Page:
For many US Christians, ISIS genocide designation is a big deal
Many conservative Christians use the language of martyrdom when describing atrocities of the Islamic State. That deep concern for persecuted Christians led to 'a very American debate' about genocide.
New York — After United States Secretary of State John Kerry took the rare step to call Islamic State atrocities in Iraq and Syria a “genocide” on Thursday, Jerry Johnson saw it as a victory for the many evangelical Christians who have been calling for the use of this term for some time.
And as president and CEO of National Religious Broadcasters, an association of conservative Christian media outlets headquartered near Washington, he says his group’s members have been “sounding the alarm” for their audiences of 60 million people a week for a while now.
“I was very happy to see Secretary of State Kerry speak out and speak up – and I think he was good,” says Dr. Johnson, an ethicist. “And I think many Christians and other people of good will have pressured him to do it,” noting that there’s been “strong Evangelical consensus” to label the atrocities of ISIS as a full-on genocide.
Indeed, the Obama administration received rare and in some ways startling praise on Thursday from groups such as the conservative Family Research Council and American Center for Law and Justice, which lauded Kerry’s use of the term “genocide.”
And though Kerry included Yazidis and Shiite Muslims as part of the genocide, for many religious conservatives, their concern and advocacy has been centered around solidarity with their own, a familial concern with persecuted Christians.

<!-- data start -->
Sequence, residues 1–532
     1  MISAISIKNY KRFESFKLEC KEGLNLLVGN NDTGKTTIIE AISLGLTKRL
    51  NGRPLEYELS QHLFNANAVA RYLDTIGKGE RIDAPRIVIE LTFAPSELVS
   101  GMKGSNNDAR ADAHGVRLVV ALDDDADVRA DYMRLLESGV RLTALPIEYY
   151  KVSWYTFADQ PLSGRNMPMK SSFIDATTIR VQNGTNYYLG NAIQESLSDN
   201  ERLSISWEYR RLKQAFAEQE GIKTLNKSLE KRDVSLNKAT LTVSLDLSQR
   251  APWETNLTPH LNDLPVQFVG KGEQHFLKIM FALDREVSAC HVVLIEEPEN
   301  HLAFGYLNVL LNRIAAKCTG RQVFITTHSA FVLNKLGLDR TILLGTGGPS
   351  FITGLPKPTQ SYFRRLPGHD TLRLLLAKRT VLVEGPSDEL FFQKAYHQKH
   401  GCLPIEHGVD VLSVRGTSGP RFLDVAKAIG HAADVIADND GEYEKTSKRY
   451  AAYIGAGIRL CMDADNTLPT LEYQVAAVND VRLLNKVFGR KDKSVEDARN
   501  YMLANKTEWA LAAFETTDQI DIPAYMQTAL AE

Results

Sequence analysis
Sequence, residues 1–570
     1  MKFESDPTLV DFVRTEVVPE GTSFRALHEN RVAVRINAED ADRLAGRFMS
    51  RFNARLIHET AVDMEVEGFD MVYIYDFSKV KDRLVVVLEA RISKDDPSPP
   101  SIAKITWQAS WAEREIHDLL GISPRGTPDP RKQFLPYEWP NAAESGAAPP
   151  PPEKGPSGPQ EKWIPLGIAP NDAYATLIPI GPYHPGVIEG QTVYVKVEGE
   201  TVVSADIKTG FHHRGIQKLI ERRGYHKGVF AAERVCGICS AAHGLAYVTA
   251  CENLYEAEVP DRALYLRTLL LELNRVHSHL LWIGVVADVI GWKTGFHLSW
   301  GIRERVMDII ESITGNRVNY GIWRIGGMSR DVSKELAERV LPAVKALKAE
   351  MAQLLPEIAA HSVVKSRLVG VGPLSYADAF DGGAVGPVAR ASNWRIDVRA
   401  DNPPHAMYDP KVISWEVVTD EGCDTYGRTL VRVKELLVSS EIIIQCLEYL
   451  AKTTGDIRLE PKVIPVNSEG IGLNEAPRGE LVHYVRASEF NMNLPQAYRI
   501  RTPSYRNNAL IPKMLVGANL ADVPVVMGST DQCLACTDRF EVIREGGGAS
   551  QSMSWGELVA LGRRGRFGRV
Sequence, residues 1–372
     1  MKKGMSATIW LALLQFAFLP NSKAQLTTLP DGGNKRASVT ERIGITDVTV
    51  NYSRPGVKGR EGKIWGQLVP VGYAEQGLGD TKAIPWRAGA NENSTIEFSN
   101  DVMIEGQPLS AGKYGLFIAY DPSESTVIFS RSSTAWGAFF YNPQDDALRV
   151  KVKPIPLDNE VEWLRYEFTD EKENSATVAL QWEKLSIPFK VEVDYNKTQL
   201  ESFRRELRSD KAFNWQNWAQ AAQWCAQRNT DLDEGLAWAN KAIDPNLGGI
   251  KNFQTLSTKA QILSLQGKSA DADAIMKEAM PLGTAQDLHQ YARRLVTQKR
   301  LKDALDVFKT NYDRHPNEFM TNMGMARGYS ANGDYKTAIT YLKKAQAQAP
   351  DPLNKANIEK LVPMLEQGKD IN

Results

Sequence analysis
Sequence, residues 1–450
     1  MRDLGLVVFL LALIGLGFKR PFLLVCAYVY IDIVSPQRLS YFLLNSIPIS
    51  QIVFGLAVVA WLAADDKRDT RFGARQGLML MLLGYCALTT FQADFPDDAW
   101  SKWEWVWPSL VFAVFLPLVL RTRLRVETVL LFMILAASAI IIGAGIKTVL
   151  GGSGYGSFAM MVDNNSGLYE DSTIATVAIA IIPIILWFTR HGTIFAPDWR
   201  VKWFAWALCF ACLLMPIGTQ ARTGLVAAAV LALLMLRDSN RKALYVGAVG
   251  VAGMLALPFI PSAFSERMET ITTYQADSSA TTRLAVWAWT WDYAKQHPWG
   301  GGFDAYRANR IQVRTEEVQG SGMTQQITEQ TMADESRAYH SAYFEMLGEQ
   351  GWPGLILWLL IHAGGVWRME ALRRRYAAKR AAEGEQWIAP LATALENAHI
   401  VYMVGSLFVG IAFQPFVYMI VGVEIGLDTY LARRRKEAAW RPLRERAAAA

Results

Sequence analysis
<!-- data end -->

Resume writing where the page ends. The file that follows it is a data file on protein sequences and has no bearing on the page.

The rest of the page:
“It’s almost a motherhood issue,” says Michael Desch, director of the University of Notre Dame’s International Security Center in South Bend, Ind., noting that many Christians in the United States feel a family responsibility to protect their fellow Christians in the Middle East. “So it’s also become an intensely politicized issue for a lot of religious people – and not just Evangelicals.”
Mounting pressure to act
In February, Pope Francis and Russian Orthodox Patriarch Kirill met in Cuba, the first meeting of the ancient churches’ leaders in a millennium. And they issued a joint call that included an appeal to the international community “to act urgently in order to prevent the further expulsion of Christians from the Middle East.”
Many religious conservatives in the US use the language of martyrdom when describing the atrocities against Christians by the self-described Islamic State, also known as IS or ISIS. The number of Christian martyrs has been rising dramatically the past three years, according to a much-cited report by Open Doors USA, an evangelical nonprofit advocacy group in Santa Ana, Calif., which tracks the persecution of Christians around the world.
More than 7,000 Christians were killed because of their faith last year, Open Doors found, up from 4,344 in 2014 and 2,123 in 2013. But these numbers don’t necessarily include the numbers from Iraq, Syria, or even North Korea, where accurate data are difficult to obtain, the group said.
The deep concern for persecuted Christians has led in many ways to “a very American debate” over the use of term genocide, says Andrea Bartoli, dean of Seton Hall’s School of Diplomacy and International Relations in South Orange, N.J., and an editor for the Journal of Genocide Prevention.
“In Congress and within the American public, there is a pressure to move in that direction,” Dean Bartoli says. “It’s an interesting American response to a problem that is in many ways haunting Americans in a very special way – and there is an accusation against the President Obama that he’s not doing enough.”
Bartoli notes that this is only the second time that a US administration has designated an ongoing conflict as a genocide, after then-Secretary of State Colin Powell said in 2004 that the ethnic cleansing of non-Arabs in the Darfur region of Sudan constituted a genocide.